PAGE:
2. Evaluate whether these stakeholders have high, medium or low influence on the issue in question. (You need to abstract this from their influence generally in the organization.)
3. Evaluate whether at the current time they are for the project, against it,
or idling in ‘neutral’  . In order to estimate approximately where a stakeholder is positioned, you will need to see the world from that particular stakeholder’s perspective.
From experience, we have found that the best way to convey this is to ask managers to have, in effect, an OUT-OF-BODY EXPERIENCE – not quite literally, of course! This involves trying to sense not merely the surface attitudes of stakeholders to a particular issue, but also the deeper-seated emotions, focus, anxieties and even prejudices.
Later we will illustrate how a specific stakeholder’s agenda can be mapped using stakeholder agenda analysis, which is another application of force field analysis.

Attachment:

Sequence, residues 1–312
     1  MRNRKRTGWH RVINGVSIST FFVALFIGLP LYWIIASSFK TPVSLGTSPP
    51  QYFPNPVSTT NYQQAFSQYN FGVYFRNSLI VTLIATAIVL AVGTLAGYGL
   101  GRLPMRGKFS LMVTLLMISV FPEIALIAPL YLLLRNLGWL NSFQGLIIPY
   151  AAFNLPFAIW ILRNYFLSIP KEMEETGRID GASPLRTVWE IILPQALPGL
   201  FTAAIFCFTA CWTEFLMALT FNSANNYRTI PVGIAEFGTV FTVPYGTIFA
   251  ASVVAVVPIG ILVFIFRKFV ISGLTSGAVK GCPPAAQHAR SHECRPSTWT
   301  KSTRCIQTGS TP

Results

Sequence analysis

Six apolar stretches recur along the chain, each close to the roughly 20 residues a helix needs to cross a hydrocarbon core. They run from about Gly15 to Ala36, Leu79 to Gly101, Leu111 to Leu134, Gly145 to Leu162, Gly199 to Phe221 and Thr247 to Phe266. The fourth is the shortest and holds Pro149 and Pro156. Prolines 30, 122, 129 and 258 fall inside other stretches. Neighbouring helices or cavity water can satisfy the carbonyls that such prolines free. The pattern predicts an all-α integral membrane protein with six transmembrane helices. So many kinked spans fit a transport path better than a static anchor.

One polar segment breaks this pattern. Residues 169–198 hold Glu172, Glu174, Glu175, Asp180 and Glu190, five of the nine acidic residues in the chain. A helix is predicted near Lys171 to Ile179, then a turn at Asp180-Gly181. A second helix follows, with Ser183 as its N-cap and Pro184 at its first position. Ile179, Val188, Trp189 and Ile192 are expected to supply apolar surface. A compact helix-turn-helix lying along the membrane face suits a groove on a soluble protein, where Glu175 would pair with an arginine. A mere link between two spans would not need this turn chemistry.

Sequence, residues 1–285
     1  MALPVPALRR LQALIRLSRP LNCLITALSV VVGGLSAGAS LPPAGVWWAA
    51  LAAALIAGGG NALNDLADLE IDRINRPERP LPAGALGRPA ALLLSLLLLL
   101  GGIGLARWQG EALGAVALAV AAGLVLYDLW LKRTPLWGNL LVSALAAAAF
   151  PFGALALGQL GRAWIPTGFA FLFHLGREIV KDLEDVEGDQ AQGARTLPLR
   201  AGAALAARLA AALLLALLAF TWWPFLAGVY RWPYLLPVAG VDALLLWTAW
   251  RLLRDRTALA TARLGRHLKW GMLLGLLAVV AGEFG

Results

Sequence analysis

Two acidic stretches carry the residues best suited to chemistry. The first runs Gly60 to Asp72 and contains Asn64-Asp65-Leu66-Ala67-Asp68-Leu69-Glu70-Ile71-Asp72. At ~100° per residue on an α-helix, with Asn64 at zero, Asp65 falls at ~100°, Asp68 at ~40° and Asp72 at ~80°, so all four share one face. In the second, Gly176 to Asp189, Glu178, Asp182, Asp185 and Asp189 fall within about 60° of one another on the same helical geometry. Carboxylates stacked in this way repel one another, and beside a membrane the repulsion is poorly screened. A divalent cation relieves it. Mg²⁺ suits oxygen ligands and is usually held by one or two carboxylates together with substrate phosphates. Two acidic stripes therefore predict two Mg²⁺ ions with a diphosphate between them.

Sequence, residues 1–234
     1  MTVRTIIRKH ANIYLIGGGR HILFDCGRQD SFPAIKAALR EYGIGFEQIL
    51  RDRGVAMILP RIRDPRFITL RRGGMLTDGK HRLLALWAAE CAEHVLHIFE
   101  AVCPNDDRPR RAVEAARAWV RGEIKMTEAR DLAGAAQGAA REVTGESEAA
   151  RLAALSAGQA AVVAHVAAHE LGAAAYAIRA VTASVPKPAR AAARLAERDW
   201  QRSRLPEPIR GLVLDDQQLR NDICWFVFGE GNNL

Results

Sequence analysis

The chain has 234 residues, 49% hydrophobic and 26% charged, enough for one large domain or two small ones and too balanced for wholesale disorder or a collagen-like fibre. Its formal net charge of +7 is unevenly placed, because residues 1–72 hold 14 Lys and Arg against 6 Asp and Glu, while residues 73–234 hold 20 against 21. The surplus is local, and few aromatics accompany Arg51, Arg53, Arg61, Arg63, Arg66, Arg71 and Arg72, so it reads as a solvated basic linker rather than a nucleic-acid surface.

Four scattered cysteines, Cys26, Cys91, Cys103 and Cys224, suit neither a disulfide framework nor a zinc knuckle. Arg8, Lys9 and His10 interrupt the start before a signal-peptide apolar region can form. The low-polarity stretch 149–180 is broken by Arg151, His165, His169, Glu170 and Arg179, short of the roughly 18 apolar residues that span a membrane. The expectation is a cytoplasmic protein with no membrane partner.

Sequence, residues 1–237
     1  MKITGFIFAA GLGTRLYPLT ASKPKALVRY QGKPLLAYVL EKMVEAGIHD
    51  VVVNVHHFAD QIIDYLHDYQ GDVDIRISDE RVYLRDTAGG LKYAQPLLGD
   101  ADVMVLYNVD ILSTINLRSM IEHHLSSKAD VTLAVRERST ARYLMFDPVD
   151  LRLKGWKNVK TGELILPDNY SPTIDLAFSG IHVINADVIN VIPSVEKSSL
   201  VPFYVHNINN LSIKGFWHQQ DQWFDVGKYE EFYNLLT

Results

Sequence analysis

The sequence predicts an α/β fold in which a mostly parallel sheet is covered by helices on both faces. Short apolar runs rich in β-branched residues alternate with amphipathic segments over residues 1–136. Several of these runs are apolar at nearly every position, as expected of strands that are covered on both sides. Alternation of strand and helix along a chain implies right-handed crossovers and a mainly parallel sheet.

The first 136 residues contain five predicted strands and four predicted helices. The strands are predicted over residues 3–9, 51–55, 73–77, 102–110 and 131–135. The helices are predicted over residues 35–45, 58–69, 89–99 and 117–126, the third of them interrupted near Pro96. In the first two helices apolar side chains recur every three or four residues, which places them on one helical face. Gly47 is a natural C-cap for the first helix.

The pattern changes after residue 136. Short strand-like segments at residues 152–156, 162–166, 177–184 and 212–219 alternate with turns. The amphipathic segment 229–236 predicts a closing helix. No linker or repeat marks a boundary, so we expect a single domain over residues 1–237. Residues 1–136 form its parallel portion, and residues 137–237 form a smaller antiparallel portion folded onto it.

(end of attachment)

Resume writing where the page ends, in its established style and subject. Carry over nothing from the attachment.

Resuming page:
To bring home the point that stakeholder analysis really does involve having the out-of-body experience, we usually go as far as showing an acetate of the two television stars of The X-Files, Moulder and Scully! From experience, managers who literally take the perspective that ‘I am the stakeholder’ are typically at least 50 per cent more accurate in their analysis.
It is a particularly useful idea to position yourself on the stakeholder grid, especially if you are the project manager. This helps you to re-examine your own position and your underlying agendas, which may be mixed. Following your tentative, first-cut analysis, you should then move on to the next phase:
1. Can new stakeholders be brought into play to shift the balance of influence or can existing players be withdrawn in some way (or be subtly distracted)?